Beneficial Uses:
Benign Prostate Enlargement is also called Benign Prostate Hyperplasia and is caused by the accumulation of testosterone in the prostate where it is converted into a compound (DHT) that stimulates cells to multiply excessively, thus causing the prostate to enlarge.  Studies have shown that a liposterolic extract of the berries reduced the uptake by tissue specimens of both testosterone and DHT (dihydrotestosterone) by more than forty percent.  This mechanism is confirmed by the observation that Saw Palmetto extract does not induce changes in the level of testosterone or other hormones in the plasma itself, but it appears to inhibit the conversion of less active intraprostatic testosterone to the more active dihydrotestosterone (DHT) by restraining the enzyme steroid, 5-alpha-reductase.  Other studies claim it may also act by interfering with DHT binding to the androgen receptor or by relaxing smooth muscle tissue similarly to alpha antagonist drugs, and possibly by acting as a phytoestrogen.   (Over 100 open, controlled and comparative trials have been conducted on Saw Palmetto.)  Although it is a condition that does not decrease sexual function, BPH does cause swelling, pain and excessive urination in men.  In Germany, Saw Palmetto is sold as an over-the-counter treatment for enlarged prostate, and modern researchers are now rethinking about Saw Palmetto's age-old treatment for prostate disorders.  Many studies, although inconclusive, are shedding new light on the subject of Saw Palmetto's efficacy as a viable treatment.

Saw Palmetto has been used to treat impotence and other diseases of the prostate gland. It is administered to men to increase the function of the testicles and relieve irritation in mucous membranes, particularly in the urinary tract and prostate.  Saw Palmetto is used primarily for symptoms related to prostatic conditions and is thought to have anti-androgenic and anti-inflammatory properties.  Results from early clinical studies suggested that Saw Palmetto can improve urinary flow rate and reduce nocturia in patients with Benign Prostatic Hyperplasia.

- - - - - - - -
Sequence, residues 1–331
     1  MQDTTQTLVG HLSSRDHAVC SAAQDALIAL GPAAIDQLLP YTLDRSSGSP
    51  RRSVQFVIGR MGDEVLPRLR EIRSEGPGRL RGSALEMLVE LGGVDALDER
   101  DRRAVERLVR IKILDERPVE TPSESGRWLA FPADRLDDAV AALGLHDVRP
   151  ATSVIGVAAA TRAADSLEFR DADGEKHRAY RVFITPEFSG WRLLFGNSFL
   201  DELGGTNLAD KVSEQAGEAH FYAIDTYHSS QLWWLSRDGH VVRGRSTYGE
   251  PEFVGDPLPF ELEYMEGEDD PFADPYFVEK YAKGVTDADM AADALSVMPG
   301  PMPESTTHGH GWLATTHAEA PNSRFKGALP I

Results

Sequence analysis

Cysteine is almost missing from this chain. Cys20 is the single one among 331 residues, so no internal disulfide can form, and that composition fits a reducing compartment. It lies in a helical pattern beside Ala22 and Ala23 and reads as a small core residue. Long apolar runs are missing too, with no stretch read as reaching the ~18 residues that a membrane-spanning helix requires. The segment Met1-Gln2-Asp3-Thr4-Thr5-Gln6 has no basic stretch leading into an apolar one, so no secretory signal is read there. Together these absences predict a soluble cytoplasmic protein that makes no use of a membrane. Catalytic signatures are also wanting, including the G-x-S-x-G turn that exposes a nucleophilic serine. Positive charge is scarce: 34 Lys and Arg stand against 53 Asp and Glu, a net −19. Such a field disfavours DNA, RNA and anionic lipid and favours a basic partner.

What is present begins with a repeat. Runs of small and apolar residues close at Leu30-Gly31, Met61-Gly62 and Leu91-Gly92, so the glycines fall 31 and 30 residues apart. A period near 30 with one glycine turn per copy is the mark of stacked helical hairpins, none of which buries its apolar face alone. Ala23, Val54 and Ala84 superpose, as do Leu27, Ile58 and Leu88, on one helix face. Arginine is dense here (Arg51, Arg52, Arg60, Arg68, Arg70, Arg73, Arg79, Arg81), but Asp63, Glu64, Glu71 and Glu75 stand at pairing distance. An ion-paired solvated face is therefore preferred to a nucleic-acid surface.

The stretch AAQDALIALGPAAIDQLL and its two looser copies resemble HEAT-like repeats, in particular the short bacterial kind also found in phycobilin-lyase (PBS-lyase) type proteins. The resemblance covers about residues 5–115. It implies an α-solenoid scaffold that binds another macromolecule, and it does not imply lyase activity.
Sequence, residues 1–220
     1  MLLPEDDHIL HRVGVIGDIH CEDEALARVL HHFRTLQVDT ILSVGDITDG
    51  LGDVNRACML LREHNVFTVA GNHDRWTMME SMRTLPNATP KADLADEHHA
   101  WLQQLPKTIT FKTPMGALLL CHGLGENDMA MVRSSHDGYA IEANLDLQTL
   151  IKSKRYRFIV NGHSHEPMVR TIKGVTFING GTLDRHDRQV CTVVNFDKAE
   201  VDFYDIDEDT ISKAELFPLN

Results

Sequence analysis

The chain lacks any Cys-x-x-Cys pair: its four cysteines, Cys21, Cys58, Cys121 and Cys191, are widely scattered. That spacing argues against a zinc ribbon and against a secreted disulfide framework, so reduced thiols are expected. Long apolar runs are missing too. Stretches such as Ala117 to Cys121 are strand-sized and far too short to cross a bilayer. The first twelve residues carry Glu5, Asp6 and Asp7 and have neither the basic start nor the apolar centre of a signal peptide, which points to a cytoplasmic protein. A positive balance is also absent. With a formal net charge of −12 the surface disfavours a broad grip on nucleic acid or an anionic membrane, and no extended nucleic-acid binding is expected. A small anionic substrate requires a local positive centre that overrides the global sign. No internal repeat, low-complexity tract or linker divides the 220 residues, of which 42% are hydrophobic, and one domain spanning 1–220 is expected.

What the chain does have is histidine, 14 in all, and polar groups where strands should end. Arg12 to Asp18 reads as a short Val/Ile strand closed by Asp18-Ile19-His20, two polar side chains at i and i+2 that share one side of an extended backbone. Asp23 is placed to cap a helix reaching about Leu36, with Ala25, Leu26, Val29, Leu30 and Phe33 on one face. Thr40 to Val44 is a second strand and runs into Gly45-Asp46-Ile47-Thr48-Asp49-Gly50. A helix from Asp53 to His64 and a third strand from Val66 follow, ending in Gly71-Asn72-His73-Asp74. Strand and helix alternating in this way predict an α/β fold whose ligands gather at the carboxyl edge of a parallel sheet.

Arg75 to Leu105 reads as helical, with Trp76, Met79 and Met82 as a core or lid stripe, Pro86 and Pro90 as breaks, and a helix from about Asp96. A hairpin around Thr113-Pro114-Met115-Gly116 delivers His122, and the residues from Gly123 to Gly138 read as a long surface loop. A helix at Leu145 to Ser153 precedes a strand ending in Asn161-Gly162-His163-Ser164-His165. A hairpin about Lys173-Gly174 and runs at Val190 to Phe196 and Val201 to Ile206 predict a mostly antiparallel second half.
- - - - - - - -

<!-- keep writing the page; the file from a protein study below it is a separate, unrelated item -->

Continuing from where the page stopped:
Administered to women, Saw Palmetto is said to support mammary gland health.  It may also help women with polycystic ovarian disease, cystitis and help to decrease androgen (a hormone that stimulates male characteristics in women).

Saw Palmetto is regarded as an herbal diuretic and a urinary antiseptic.

As a fine expectorant, Saw Palmetto clears the chest of congestion.  It has been useful in treating bronchial complaints (coughs due to colds, asthma and bronchitis), and it is especially beneficial when there is an excessive discharge of mucus from the sinuses and nose.

Saw Palmetto is an overall herbal tonic that builds strength during convalescence from an illness and has been helpful for those who suffer from wasting diseases, such as HIV/AIDS.  Long ago, an American medicinal botanist, John Lloyd, noted that animals fed Saw Palmetto berries grew sleek and fat.  In human diets, Saw Palmetto is said to stimulate the appetite and have a beneficial effect on body weight.

Saw Palmetto is said to regulate hormones and is considered to be beneficial to the reproductive organs of both sexes.  It is also considered an aphrodisiac.

Saw Palmetto is recommended as a tonic promoting good general health.  As a mild sedative and tranquilizer, it is said to improve the disposition.

Men taking the prescription drugs Propecia® and Proscar® should inform their doctors if they are also taking Saw Palmetto Herbal Supplement. Saw Palmetto may counter the efficacy of Hormone Replacement Therapy (HRT) and birth control pills.  Pregnant women should not use Saw Palmetto.  Saw Palmetto may have additive anticoagulant effect and prolong bleeding time. Thus, it is not wise to take with blood-thinning medication (aspirin, warfarin/Coumadin®, etc.) without first speaking with a physician.